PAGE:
I didn’t feel like going back and remixing everything after that. So in some songs the low end isn’t as pronounced as it could be. Aside from that, I never felt like there was anything wrong with my master. It’s not as loud as the last album. That’s about the only difference. Turn it up a bit and you’re fine.

I do like most of the songs, and they seem to fit together well enough. The person who ended up acting as a serious muse on GROWING SIDEWAYS came back into my orbit when I was recording this one, and she was the source of most of the bitterness. Half the songs were recorded before we patched things up, and I was still a little pissed. Some of the “writing about drinking” theme carries over from the last album as well.

In general, it feels like there’s a good balance between the personal and the obscure. And then there are some lines that are pretty random, but I’ve always enjoyed them.

A few highlights:

“There is a cardboard rhinoceros walking ‘cross the street, wearing your favourite dress.”
(from Chin Foam)

“I stabbed you in the heart with a ballpoint pen. Your aorta came apart because you didn’t say ‘when’.”
(from Needles to Say).

“You’ve got soup for brains. It’s the kind of soup poor college students eat.”
(from Burglar for Hides)

“If I’m unwanted, then you’re a hearse, dragging my carcass around the town.”
(from Mascara Tears)

The last thirty seconds or so of Burglar for Hides are a series of melodic accidents that combine to form one of my favourite moments on the album. Another favourite moment is in Mascara Tears. There’s a bit in the middle of the song where my microphone captures a car driving by outside, and it somehow sounds like a distant synthesizer moan. It happens right as I’m singing, “You’re just words on a page.” That was a nice unexpected touch.

The One I Left to Drown is one I keep coming back to over the years. It’s a dark ambient ballad that doesn’t really fit in with the rest of the songs. There’s something interesting going on there. It almost sounds like it was unwittingly pointing the way forward to some of the dreamier moments on CREATIVE NIGHTMARES.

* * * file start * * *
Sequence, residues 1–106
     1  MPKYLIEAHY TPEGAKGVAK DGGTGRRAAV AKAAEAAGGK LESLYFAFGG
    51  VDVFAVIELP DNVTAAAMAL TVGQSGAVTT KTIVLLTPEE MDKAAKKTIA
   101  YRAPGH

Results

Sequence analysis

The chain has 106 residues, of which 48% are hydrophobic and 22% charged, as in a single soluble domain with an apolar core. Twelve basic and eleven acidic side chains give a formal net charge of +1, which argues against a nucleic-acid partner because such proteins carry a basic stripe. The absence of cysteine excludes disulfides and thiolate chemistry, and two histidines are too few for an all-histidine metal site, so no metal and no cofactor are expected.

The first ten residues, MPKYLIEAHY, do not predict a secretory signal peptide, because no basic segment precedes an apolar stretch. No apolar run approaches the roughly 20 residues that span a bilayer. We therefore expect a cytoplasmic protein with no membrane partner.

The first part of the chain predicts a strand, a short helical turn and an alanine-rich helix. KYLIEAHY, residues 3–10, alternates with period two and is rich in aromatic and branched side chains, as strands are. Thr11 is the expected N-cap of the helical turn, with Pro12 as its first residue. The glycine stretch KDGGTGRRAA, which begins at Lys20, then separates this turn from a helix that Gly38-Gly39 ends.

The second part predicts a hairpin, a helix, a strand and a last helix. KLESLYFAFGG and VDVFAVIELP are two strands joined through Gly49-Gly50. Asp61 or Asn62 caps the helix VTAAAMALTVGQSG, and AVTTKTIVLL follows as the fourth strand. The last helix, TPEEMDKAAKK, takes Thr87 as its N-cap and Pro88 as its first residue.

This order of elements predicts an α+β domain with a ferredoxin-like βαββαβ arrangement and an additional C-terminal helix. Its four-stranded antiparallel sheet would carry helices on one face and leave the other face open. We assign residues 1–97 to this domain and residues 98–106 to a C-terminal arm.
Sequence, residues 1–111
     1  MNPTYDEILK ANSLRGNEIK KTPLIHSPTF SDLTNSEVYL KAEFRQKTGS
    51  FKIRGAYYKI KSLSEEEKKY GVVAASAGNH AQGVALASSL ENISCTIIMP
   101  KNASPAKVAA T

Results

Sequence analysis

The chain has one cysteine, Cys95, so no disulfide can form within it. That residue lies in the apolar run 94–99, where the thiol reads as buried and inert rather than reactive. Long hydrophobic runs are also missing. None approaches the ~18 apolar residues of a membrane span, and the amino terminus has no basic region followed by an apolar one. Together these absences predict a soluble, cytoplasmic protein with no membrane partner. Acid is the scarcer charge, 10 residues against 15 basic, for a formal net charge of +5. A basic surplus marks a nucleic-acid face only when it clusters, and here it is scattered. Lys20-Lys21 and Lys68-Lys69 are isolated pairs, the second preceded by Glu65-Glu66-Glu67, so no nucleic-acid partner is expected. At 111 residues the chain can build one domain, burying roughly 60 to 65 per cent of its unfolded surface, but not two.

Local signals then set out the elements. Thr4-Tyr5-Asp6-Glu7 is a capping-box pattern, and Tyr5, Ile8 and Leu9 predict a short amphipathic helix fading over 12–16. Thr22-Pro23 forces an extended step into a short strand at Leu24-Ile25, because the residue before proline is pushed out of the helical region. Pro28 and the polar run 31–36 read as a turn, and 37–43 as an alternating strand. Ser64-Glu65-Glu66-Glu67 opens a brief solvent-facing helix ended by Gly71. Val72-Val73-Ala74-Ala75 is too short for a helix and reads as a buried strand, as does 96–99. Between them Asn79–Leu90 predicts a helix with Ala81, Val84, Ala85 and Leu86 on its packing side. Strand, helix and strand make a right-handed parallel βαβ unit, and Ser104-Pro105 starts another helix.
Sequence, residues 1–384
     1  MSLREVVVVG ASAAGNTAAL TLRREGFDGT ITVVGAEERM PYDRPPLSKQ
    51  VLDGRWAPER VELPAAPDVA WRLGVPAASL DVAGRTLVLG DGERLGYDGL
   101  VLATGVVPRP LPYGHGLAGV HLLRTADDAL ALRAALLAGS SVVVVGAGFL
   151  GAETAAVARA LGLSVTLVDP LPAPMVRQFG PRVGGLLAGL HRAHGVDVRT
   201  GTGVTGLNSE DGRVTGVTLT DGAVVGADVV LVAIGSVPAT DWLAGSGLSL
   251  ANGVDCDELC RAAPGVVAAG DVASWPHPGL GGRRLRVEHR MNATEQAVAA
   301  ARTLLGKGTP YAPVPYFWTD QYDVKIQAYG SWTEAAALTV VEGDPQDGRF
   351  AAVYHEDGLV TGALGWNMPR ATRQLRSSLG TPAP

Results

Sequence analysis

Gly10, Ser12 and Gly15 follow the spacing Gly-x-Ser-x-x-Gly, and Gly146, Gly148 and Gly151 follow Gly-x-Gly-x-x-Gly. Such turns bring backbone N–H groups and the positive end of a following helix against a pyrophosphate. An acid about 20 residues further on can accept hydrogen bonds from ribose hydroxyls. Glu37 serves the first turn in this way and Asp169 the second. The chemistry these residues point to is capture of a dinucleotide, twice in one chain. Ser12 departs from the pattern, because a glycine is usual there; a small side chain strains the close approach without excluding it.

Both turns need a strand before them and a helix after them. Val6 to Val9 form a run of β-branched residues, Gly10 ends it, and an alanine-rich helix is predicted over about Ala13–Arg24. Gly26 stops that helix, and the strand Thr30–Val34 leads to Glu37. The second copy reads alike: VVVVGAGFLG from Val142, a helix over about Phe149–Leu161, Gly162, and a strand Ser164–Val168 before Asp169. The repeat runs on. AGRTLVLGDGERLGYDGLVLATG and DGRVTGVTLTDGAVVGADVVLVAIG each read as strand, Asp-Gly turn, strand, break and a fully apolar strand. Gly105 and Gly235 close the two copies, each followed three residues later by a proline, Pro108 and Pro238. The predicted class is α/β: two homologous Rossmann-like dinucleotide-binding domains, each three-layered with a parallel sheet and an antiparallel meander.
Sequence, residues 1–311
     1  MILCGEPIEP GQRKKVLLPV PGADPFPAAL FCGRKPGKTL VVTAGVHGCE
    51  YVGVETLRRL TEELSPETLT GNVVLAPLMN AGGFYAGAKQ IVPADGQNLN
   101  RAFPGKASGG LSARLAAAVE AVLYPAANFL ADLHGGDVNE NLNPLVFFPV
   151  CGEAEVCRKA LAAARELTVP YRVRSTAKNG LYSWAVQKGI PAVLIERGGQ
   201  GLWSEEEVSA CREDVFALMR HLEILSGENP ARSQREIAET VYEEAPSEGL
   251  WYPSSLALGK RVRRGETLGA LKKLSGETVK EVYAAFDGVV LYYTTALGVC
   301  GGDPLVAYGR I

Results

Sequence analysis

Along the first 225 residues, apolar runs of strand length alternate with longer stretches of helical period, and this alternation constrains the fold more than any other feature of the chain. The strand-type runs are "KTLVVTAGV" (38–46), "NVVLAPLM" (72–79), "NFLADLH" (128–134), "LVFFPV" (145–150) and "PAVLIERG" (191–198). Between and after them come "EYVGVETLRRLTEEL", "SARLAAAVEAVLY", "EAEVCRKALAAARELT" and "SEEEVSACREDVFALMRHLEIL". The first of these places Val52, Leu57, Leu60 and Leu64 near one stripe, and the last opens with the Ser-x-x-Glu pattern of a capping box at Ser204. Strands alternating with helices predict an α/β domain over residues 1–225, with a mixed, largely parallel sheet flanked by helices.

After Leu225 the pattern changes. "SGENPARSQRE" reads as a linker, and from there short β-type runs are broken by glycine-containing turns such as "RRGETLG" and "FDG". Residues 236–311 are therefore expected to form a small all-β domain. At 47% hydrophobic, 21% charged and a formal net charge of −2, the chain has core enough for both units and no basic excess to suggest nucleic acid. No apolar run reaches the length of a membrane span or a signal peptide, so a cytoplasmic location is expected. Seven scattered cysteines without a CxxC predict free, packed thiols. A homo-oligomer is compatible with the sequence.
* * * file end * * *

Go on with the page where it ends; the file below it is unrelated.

The missing “s” in Needles to Say is intentional, and not a typo. Just so you know.

So yeah. It’s not an album I’d give to most people these days, even if they wanted to dig pretty deep into my discography, unless they went out of their way to request it. I feel like GROWING SIDEWAYS covers much of the same ground in a more compelling way, with stronger songs. But I don’t think this is a bad album by any means. At least now I finally know how I feel about it and why.

It is the end of using that specific synth as the be-all and end-all. After all, when you’ve got a good handle on something, it’s about time to hurtle yourself off the cliff into some new adventure, isn’t it?

I’ve always thought so.

TRACKS:

Skinny Ditch
Stultify
Dextroamphetamine Sulphate
Good Enough Is Not Good Enough
Two Cherries in an Ashtray
Eleven Letters Will Spell the End of You
Pathic
Inflatable Shoes
Needles to Say
Vengeance for the Disaffected
In a Dream I Told You This
The Diamond Is in the Dog’s Mouth
The Dog Is in the Diamond’s Mouth
Chin Foam
Mascara Tears
Frigid Fuzzy Blanket
Kiss the Bullets
Burglar for Hides
The One I Left to Drown

LISTEN:

Pathic

Needles to Say